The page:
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A-Team Insight Blogs

Managed Services in the Mainstream – It’s Not Just About Cost Anymore

Are managed services coming of age as providers of front-office trading capabilities? Certainly some of the trends we are seeing suggest they are. It was not so long ago when investment banks and other sell-side trading rooms were able to push the managed services debate into the long-grass, citing control, security and competitive advantage as paramount considerations in continued outright IT ownership. The fact that profits and margins were also extraordinarily healthy meant that cost factors rarely came into the equation.

But that all changed pretty dramatically post-2008 as revenues slumped, IT costs rose sharply – primarily as new regulatory drivers and other external impositions demanded change – and a severe increase in capital requirements all took a heavy toll on margins across the industry. New business models were firmly back on the agenda.

Cost was the clear driver as talk swirled around SaaS, IaaS and other “pay-as-you-go” capabilities, as well as the ubiquitous cloud capabilities and the “buy-not-build” lobby started to get increased traction. But while reducing TCO is clearly still an important factor, much wider advantages were beginning to be understood as the providers of the now positioned “managed services” added more sophistication to their armoury.

By addressing concerns around security, connectivity, latency and multi-asset class trading and reporting, the adoption of managed services was growing. The ability of large or small organisations to now take off-the-shelf packages that could be both customised and scaled to deliver integrated and efficient delivery from pre to post-trade activities means it is now taken much more seriously.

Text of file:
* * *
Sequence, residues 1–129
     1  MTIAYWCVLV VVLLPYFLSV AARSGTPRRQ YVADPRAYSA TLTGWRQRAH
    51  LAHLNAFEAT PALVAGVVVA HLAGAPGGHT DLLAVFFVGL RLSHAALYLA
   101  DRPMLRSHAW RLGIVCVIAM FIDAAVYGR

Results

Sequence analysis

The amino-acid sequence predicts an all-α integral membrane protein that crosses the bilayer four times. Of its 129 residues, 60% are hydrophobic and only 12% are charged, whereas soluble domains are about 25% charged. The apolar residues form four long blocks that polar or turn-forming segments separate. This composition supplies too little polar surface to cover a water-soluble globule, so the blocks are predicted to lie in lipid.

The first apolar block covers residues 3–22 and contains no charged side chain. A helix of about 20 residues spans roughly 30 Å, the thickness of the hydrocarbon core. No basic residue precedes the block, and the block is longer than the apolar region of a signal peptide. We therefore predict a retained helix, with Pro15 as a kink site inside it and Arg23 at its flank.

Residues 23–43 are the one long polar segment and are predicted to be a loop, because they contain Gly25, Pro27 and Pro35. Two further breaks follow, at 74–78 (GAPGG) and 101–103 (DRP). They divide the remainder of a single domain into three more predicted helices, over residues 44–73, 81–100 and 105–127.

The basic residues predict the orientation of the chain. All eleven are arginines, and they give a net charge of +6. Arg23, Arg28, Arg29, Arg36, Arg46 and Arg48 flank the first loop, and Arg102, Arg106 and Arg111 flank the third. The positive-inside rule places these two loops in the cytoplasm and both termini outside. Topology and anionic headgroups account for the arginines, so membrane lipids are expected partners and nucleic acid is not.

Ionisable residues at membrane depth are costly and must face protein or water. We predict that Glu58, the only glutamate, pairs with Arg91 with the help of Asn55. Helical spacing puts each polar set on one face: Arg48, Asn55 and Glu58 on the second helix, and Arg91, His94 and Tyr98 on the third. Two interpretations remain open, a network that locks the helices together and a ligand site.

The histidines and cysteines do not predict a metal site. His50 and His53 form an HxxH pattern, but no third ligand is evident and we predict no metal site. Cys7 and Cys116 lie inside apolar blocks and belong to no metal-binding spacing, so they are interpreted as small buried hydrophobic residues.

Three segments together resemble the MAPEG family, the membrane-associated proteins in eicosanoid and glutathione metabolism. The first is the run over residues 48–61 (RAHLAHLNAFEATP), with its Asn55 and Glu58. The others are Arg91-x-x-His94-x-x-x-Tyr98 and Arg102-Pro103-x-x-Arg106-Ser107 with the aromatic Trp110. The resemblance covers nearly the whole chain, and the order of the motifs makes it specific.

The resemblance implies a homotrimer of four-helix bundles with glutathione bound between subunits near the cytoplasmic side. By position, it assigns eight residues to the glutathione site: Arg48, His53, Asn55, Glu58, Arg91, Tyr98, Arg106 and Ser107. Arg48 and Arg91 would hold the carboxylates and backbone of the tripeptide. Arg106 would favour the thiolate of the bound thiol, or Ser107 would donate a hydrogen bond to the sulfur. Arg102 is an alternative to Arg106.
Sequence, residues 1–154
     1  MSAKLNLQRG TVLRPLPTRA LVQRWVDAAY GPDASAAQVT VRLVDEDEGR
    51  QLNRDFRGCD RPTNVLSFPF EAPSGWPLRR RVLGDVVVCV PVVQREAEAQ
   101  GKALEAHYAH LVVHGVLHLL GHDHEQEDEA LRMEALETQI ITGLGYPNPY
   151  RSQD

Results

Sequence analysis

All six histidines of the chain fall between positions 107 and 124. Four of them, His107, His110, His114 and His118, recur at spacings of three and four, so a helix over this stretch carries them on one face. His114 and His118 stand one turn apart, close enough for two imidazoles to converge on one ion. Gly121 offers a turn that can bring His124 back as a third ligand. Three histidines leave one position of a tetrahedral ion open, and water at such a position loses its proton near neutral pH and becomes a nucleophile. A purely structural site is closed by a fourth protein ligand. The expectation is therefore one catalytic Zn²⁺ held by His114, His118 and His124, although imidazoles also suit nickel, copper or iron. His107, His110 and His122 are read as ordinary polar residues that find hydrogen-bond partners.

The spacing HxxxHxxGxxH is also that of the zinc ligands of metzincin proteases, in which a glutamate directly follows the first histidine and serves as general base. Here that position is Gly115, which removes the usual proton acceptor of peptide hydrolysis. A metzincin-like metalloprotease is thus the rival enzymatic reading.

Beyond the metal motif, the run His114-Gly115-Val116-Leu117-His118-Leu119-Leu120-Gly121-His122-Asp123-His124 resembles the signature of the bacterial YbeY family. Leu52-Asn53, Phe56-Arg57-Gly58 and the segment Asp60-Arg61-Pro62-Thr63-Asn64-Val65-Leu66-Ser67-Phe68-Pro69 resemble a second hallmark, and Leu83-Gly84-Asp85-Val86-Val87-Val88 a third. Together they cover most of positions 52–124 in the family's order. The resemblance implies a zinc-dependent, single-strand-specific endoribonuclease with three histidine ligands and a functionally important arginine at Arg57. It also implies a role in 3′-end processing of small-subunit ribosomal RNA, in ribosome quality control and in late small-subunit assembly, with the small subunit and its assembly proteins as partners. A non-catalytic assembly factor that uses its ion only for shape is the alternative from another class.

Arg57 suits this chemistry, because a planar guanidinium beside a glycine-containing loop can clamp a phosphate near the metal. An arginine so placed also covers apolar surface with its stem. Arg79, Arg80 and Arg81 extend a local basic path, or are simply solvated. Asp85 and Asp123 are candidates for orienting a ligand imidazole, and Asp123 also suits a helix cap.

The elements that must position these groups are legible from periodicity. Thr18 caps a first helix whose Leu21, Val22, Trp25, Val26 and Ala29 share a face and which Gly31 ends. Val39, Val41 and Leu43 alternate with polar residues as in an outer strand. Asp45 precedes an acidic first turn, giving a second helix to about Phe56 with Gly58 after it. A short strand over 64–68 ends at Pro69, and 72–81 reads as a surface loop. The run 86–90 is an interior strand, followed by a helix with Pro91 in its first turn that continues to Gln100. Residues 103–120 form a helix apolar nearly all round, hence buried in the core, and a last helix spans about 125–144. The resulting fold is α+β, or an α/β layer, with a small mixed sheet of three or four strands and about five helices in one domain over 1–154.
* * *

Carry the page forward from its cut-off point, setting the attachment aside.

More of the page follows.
But what does the next step hold? There is still considerable industry debate about the adoption of third-party management of many critical services and, while acceptance is growing, many are still concerned about security vulnerabilities or the potential for service disruption. It is why it will have a central presence in our Summit next month.

Therefore, be sure to attend our inaugural Intelligent Trading Summit – successor to A-Team’s acclaimed Low-Latency Summits – which kicks off in London on March 4. Apart from the Managed Services debate, it has an action-packed programme of presentations and panel discussions around (among many other areas) the convergence of Analytics, driven by Big Fast Data, to initiate the best trades, and all executed with Low Latency!

Nevertheless, the ability of managed services to deliver agility and flexibility, and not just talk about it, while also enabling the implementation of more innovative approaches to risk management controls and real-time client reporting has certainly opened eyes previously aloof from the debate. It is clear that the adoption can not only play a major part in controlling TCO, but it can also help drive competitive advantages.

At a time when the cost and time burdens of implementing regulatory impositions have been threatening to stifle innovation, it seems many now believe managed services are the answer to freeing up IT expenditure for some of the “smarter” initiatives that can make a difference where it counts – with customers.

In fact many converts now extend their reliance on manages services to previous taboo areas such as Direct Market Access, Order Management Systems, Algo Trading and more. The thin client is getting slimmer by the day.

So where cost was the main driver to get managed services back into the discussion, many recognise that it is now much more important.

We will therefore be looking for fresh insight on the subject from both IT vendor suppliers and IT professional end-users to examine the pros and cons of adopting managed services. But it seems that it is increasingly difficult to answer whether it makes sense to build these capabilities in-house anymore? We look forward to you joining us on March 4 to make your own mind up.

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